In Hollywood, contraband, police corruption, and contract killings are elements of a hit movie. But to the movie moguls of Moscow, they are part of everyday life.
Russia's professional "pirates," who smuggle in American films to be copied and sold on street corners here for $4 to $5 apiece, are costing American filmmakers millions.
The Motion Picture Association of America (MPAA) estimates its losses to piracy in Russia at $145 million a year, part of a worldwide total of $3 billion in losses to pirating.
Some films, such as "Waterworld" and "The Bridges of Madison County," have had their unofficial - and illegal - world premires in Moscow.
"Before they can send the master copies in to show in theaters, the movie has already been sold on video in the kiosks," complains Felix Rosenthal, the MPAA's Moscow consultant.
Other foreign films do not arrive that fast, but still appear on video in Russia long before they are released on video in the United States.
A tightly organized underground market has flourished amid the social and economic changes that have taken place here in the last five years. Many observers say the trend has almost run its course, however, and that further changes in Russian society are paving the way for legitimate, licensed video distributors to dominate the market.
The pirates have seized the opportunity presented by weak and poorly enforced intellectual-property laws to feed a population starved for imported entertainment. They risk no more than a fine, and their cassettes cannot be confiscated until after the case has been decided in court. That means that even when they are arrested, pirates and their videos are back on the street the next day.
Even existing laws are poorly enforced, according to Yakov Abrukin, the director of Varus Video, one of a handful of legal distributors in Moscow.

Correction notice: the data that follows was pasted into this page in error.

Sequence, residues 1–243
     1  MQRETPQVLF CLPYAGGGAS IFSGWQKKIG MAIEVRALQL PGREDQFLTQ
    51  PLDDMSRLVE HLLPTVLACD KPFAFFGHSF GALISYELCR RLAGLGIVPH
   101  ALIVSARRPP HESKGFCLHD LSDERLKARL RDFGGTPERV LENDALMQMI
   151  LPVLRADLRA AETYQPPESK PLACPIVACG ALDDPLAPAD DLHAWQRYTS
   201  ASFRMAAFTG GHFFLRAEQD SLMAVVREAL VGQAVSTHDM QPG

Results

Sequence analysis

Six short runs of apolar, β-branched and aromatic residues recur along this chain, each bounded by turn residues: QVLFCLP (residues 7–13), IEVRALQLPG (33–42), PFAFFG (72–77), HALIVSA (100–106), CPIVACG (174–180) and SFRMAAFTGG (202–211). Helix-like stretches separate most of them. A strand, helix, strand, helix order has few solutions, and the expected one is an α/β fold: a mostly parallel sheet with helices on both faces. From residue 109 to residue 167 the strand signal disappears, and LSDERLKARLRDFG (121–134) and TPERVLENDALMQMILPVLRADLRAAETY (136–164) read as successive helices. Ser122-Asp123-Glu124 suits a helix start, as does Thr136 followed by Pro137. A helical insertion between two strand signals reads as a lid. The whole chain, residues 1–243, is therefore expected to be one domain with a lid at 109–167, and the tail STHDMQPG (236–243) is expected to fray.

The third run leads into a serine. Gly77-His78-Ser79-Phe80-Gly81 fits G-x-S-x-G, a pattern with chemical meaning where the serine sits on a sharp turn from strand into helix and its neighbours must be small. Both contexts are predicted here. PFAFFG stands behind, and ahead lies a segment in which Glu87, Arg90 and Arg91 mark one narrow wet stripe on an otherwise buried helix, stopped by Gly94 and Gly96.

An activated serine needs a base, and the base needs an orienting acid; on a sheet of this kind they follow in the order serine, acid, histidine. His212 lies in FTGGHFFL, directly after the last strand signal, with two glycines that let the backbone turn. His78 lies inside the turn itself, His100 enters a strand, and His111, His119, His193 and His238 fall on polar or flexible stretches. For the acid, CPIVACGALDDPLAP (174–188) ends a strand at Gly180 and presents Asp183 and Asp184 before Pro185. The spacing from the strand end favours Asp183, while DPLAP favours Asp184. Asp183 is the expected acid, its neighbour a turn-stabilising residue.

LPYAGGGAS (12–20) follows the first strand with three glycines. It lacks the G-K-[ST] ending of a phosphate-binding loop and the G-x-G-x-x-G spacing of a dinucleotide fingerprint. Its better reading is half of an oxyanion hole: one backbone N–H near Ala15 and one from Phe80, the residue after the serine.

"We have no historical experience [with intellectual-property law]," he says. "The people who should know the details - the police and the bureaucrats - are absolutely ignorant."
Mr. Abrukin also says that when it comes to cracking down on piracy, many police officers' hearts - and wallets - just aren't in it. "All these companies pay money to the Moscow police," he says.
But if official Russian law has little effect on piracy, the law of the streets is well-enforced. Local studios must buy the "rights" to a movie from the mafia, and those selling films they haven't paid for risk having their kiosks burned - or worse - according to a source in the Moscow video business.
"A lot of people have died," he says.
None of this would be possible were it not for the cozy relationship between Russian pirates and some US film industry insiders. A pirate will often gain admission to a private screening of a new movie - and bring a hand-held video camera to create his own master copy. And when a movie is released on laser disc, connections at the laser-disc company send copies as soon as they are produced.
"We can't compete," says Abrukin, referring to these practices.
To distribute a fairly recent successful American film, licensed firms like Abrukin's usually pay between $50,000 and $100,000, plus 30 percent import duty. What's more, his tapes are subject to 20 percent value-added tax (VAT) because they are sold in regular shops.
Pirates evade customs by sending their films with flight attendants, who are rarely stopped. The pirates don't pay VAT either, because they sell through an informal network of kiosks.
Licensed studios do enjoy one advantage, however: quality. On pirated cassettes, the picture is often wobbly and the sound in mono. Watching a copy of "Broken Arrow," Moscow viewers hear laughter and applause from the audience at the theater where the pirates recorded it.
Most Russian viewers put up with these flaws because pirated cassettes are the only movies they can afford to watch. Industry observers say that as the Russian middle class grows, the demand for a higher-quality product will increase. "The middle class is ready to pay a higher price for a better-quality product," says Rosenthal.
The pirates themselves seem to be aware of this development. They have begun to sell some of their videos in expensive illustrated packaging that looks just like licensed versions rather than the usual plain boxes with stark black- and-white labels.
Although such improvements on the part of unlicensed distributors complicates law enforcement even further, they may be a sign that by acquiring the necessary technology and expertise the pirates are preparing to legalize their production.
In fact, most of the major distributors already produce a fraction of their videos legally as a cover for their illegal operations. These companies are hedging their bets against any sudden changes in the situation, according to Abrukin. Should the police begin cracking down and licensed distribution become more profitable, "They will close their illegal production and continue the legal," he says.